How To Talk To Children With Autism and Other Special Needs About COVID-19

Remain Calm and reassuring– Children will react to and follow your verbal and nonverbal reactions. Remind them that you at home and the adults at their school are there to keep them safe and healthy. Let your children talk about their feelings and help reframe their concerns into the appropriate perspective.

Make yourself available– Some children may need extra attention. It is important that they know they have someone who will listen to them. Tell them that you love them and give them plenty of affection.

Avoid excessive blaming– It is important to avoid stereotyping any one group of people as responsible for the virus. Be aware of any comments that other adults are having around your family.

Discuss new rules or practices at school– Be sure to discuss any illness prevention habits, including frequent hand-washing or use of alcohol-based hand cleansers.

little girl on ipad

Communicate with your child’s school and daycare– Let your school know if your child is sick and keep him or her home.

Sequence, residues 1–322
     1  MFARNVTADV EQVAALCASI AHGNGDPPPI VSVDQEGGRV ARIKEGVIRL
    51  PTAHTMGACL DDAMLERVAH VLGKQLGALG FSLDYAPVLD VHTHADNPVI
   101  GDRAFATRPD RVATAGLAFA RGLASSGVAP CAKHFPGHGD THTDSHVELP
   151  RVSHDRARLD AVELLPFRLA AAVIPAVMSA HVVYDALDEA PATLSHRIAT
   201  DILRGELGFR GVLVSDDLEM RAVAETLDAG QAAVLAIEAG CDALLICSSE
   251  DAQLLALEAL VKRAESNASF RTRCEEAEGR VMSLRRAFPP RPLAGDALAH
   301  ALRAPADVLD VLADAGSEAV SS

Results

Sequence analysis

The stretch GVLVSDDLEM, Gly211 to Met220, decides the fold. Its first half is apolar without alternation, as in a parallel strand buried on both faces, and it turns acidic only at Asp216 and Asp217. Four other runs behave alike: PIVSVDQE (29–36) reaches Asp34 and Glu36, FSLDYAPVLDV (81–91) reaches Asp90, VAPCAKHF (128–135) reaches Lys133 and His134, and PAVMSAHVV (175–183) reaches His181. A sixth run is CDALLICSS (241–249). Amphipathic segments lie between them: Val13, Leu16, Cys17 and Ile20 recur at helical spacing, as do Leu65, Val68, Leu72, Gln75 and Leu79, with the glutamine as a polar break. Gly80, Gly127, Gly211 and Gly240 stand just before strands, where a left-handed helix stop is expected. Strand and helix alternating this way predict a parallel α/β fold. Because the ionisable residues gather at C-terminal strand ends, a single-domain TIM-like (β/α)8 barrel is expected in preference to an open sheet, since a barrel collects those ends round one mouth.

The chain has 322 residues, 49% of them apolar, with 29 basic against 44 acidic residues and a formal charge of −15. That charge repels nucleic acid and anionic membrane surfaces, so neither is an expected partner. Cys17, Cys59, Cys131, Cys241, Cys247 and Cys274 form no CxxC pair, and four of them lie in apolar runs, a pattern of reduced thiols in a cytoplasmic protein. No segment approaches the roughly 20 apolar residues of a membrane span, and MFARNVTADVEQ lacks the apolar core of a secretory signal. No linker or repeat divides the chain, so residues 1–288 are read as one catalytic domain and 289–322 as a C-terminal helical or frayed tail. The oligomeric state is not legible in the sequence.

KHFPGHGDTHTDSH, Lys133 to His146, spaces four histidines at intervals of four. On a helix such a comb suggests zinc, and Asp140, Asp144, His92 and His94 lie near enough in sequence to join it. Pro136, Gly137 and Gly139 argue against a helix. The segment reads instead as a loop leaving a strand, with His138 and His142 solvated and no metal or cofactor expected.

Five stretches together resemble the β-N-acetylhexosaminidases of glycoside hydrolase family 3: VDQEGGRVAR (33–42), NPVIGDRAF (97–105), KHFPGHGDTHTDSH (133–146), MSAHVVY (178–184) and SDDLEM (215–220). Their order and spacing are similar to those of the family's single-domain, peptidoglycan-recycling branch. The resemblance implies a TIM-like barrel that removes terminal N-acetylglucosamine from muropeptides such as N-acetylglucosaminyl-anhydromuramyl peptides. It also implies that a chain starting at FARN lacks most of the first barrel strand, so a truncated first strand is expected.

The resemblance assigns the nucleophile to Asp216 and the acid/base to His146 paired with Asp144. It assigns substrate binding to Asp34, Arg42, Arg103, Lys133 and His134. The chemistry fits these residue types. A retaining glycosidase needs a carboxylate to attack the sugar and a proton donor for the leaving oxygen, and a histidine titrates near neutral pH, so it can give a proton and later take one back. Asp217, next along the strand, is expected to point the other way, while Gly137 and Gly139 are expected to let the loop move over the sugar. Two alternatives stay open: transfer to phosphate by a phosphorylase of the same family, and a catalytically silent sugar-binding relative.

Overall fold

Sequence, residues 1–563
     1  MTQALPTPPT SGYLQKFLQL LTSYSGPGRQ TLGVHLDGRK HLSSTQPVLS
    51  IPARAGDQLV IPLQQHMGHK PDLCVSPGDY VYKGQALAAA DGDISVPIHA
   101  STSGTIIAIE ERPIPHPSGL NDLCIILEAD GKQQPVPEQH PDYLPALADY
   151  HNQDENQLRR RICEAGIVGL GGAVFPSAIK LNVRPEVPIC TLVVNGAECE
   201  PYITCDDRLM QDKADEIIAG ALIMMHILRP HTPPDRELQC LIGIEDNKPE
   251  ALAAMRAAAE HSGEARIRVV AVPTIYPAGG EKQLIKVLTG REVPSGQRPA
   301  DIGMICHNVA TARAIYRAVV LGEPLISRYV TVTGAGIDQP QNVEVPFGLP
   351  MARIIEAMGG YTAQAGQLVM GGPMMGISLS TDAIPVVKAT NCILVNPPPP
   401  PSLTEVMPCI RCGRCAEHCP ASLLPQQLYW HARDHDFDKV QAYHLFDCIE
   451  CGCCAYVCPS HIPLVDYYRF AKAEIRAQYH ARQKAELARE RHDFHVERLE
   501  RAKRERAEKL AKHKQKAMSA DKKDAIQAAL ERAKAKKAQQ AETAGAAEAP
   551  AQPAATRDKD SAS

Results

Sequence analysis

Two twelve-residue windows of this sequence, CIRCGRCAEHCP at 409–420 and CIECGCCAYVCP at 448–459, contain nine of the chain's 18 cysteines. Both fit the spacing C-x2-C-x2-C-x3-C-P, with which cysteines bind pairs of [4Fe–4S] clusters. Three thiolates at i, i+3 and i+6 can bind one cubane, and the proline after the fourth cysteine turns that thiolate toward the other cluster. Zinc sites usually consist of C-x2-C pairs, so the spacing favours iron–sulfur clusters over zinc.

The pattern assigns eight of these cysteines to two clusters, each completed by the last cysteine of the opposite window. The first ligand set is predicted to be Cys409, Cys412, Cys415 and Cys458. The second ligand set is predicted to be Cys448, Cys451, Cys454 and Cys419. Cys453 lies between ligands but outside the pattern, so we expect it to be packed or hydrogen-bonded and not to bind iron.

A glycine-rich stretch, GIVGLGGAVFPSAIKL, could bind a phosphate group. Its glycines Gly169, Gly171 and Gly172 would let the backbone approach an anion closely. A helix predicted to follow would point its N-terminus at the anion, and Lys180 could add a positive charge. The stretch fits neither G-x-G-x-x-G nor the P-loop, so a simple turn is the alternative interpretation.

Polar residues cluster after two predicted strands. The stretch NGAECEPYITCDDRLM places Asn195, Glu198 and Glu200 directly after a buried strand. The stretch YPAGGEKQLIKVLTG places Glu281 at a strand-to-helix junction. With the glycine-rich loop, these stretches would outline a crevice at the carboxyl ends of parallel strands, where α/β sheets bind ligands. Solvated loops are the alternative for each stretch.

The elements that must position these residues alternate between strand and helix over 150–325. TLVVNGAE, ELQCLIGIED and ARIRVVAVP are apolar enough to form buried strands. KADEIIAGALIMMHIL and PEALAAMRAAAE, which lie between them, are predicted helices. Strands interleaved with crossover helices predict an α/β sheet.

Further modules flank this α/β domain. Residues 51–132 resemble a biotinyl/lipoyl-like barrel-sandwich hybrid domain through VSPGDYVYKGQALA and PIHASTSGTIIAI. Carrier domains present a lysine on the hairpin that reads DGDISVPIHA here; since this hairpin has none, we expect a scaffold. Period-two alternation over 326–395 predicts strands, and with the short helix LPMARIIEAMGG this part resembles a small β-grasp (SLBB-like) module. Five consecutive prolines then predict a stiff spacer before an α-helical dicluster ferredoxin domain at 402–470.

Monitor television viewing and social media– Limit television viewing or access to information on the internet and through social media. Speak to your child about how many stories about COVID-19 on the internet may be based on rumors and inaccurate information. Be aware that developmentally inappropriate information can cause anxiety or confusion, particularly in young children.

Maintain a normal routine to the extent possible– Keep to a regular schedule, as this can be reassuring and promotes physical health.

Be honest and accurate– In the absence of factual information, children often imagine situations far worse than reality. Children can be told how the disease can be caught and how to protect themselves.


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